July 25, 2019 by Jesse Lebus
Greetings St. Luke’s, friends and family!
The truth of the matter is: I’m not a theologian. Not in any academic way, for sure. The ways I think about God, the words I use when talking about God, I didn’t really learn from books or lectures. Those things have certainly helped along the way, but my deepest understanding of who God is (and how God is) has come from experience.
Most of us, those who are seeking to know God, fall into this category: experiential theologians. We attend church, hear Bible stories, listen to sermons, occasionally read a book or follow a link concerning faith and religion, but when something really clicks it is almost always in the midst of our daily lives; epiphanies always arrive unannounced, from just around the corner.
This past Saturday, I followed my 18 month old daughter Clara around the corner from our garage to the patio just in time to see her climb onto the steel cellar doors which had been baking in the sun on the hottest day of the year. In a matter of seconds - I would learn later in the emergency room - she received second degree burns on the palms of her hands and the soles of her feet. The top layer of skin, the epidermis, blistered badly and was removed.
Even now, writing this several days later - with Clara bandaged, healing and in incredibly good spirits - I am startled at my capacity to feel for her and with her. I ache at the thought of her shock, pain, confusion, and frustration; how happy she would be just to feed herself blueberries!
I have read, and said, for years that Jesus’ presence on earth - his life, death and resurrection - was about redeeming the human condition: to show us that God the father, our divine parent, was not distant but close to us. Through Christ, God laughs and cries with us.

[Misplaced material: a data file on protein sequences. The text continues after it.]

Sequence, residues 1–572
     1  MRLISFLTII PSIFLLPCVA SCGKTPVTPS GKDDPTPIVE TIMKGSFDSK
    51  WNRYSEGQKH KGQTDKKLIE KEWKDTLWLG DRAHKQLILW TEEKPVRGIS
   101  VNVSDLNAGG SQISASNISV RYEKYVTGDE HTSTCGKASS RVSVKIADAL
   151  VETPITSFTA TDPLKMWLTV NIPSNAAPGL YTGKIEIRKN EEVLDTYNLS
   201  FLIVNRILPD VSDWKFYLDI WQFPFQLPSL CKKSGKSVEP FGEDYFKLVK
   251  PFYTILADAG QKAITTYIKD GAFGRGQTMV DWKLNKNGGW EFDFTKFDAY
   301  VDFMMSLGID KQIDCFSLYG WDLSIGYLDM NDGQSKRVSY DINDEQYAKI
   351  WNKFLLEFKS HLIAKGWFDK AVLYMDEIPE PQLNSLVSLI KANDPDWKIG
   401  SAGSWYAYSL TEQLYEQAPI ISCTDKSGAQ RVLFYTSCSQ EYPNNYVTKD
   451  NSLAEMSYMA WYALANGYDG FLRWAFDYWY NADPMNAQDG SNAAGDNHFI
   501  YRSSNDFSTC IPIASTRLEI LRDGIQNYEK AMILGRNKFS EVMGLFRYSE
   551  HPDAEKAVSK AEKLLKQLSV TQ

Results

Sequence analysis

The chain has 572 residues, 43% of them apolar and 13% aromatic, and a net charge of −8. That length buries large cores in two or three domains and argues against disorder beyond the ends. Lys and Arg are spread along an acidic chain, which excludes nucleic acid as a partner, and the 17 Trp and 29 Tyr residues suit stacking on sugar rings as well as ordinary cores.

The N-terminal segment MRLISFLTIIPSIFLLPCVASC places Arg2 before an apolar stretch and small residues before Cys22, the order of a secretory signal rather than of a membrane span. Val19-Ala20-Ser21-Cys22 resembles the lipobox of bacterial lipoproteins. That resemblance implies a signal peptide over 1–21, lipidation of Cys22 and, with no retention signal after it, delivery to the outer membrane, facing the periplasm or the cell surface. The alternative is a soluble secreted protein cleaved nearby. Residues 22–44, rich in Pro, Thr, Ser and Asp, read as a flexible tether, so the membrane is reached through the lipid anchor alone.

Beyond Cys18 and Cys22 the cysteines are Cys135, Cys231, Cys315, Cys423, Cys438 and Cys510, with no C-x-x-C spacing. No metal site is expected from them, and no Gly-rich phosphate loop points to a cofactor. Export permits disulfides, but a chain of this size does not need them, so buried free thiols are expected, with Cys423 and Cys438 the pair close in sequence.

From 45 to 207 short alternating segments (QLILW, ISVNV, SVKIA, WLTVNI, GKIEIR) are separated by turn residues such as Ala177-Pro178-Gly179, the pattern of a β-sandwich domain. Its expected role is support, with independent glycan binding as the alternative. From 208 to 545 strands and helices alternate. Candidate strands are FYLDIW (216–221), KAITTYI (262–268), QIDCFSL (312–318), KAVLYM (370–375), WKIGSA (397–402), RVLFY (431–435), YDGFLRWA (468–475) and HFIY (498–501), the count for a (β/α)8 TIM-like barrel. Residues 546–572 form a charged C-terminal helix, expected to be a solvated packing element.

I even sang this idea. From the hymn In the cross of Christ I glory: Bane and blessing, pain and pleasure, by the cross are sanctified.
I sang it, I said it and I believed it, too. But this week I felt this theology. God is like a parent, who rejoices with us and suffers with us; I have - deep in the prayer of my heart - experienced this truth through my own child’s hurt. Today, I have a fuller understanding of what it means to be a child of God.
All of us living in the Rectory (that’s 6 at the moment) are still shuddering from the trauma. But we are also sharing in the joys of Clara’s resilience and recovery. We are grateful for medical care and technology and thankful to those of you who have been willing to share and relive the trauma of your own child’s accidents by sharing them for our comforts sake.
In his 1951 book Systematic Theology, Paul Tillich wrote: “Theology moves back and forth between two poles, the eternal truth of its foundations and the temporal situation in which the eternal truth must be received.”
In other words, our understanding of God reveals itself somewhere between the mystery of truth and the reality of our experience. May God’s presence in your life, regardless of what that life looks like or feels like, be known to you this day and always!
Emmanuel, God is with us!
Correction: Sam Abell reached out and let me know that he did not take the photo of the Afghan girl, as written in last week’s letter. It was Steve McCurry.
Please Note: I will be on vacation from Sunday, July 28th until Saturday, August 3rd. I will be available for pastoral emergencies.